Children with the atypical paediatric psoriasis condition known as ‘psoriasiform dermatitis’ can be identified using eight significant features, Australian dermatologist have shown.
And children who have at least four of the eight key features of psoriasiform dermatitis will respond to psoriasis-specific treatments, according to a study by Dr Gayle Fischer and colleagues at the Department of Dermatology, Royal North Shore Hospital, Sydney.
Writing in Clinical and Experimental Dermatology, the clinicians say they aimed to identify the key features of patients they saw who do not display features accepted to be typical of classic paediatric psoriasis, nor of atopic dermatitis.
“These patients often share clinical and historical features that are found but not classically described in patients with paediatric psoriasis. Additionally, they often have a prolonged history of failure with appropriate atopic dermatitis-specific therapy,” they write.
In their study they compared 109 patients with classic paediatric psoriasis (well-demarcated psoriatic plaques, guttate disease, palmoplantar disease, nail pits, napkin psoriasis or pustular psoriasis) with a control group with typical atopic dermatitis (n = 49).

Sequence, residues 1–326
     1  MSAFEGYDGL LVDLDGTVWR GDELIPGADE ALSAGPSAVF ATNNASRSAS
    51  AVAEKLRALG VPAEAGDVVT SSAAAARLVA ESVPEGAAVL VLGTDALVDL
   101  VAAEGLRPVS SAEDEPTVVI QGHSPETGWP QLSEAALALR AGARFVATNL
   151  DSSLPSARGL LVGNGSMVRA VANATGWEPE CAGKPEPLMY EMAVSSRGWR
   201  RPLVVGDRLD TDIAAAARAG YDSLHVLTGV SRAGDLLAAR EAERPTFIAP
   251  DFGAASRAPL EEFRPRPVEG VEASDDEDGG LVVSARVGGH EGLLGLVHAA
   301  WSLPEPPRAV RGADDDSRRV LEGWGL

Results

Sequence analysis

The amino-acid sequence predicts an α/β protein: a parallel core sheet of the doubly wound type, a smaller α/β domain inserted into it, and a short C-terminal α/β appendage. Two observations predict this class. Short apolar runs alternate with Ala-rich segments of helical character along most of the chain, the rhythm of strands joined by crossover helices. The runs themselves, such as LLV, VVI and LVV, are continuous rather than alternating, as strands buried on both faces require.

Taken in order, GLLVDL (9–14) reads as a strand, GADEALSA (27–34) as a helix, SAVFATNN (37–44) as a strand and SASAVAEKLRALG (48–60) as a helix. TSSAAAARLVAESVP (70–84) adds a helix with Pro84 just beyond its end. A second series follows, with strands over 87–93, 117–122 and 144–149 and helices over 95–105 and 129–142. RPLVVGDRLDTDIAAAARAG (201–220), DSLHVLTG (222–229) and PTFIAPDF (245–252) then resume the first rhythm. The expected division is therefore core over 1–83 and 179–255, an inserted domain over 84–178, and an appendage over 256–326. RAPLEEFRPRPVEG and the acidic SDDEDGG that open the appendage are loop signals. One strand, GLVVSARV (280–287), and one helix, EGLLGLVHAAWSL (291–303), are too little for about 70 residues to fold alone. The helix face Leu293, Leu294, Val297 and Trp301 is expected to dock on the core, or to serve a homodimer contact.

They found there was overlap between the two groups of up to 33%, and this allowed them to draw up a list of eight features that had a highly significant difference between groups:
- Cradle cap
- Nappy rash
- Poststreptococcal or viral exacerbation
- Exacerbation with weather change
- Lack of pruritic insomnia
- First degree relative with psoriasis
- Scalp scale
- Dorsal lichenification or papules of elbows and knees.
Other significant features were periauricular scale and erythema, acral fingertip eruptions, genital rashes and exacerbation with stress.
The two groups could be clearly separated at a score of 3 out of 8. And children with four or more of these ‘psoriasiform dermatitis’ features responded well to treatments for psoriasis, such as combination calcipotriol/betamethasone dipropionate (Daivobet) and narrowband ultraviolet B (NB-UVB).
The overall response to treatment was good with a mean reduction of PASI by 85% at six weeks.
The study investigators said the term ‘psoriasiform dermatitis’ had not previously been formally defined, and the findings suggested there is a group of children on the spectrum of psoriasis between atopic dermatitis and typical paediatric psoriasis.
“We propose that these patients, who can be identified by the finding of ≥ 4 features commonly found in paediatric psoriasis, should be classified as having ‘paediatric psoriasiform dermatitis’,” they said.
“Identification of this group of patients, who although not having the typical clinical features of psoriasis, respond well to psoriasis-specific treatment, may assist treatment decisions for these patients,” they concluded.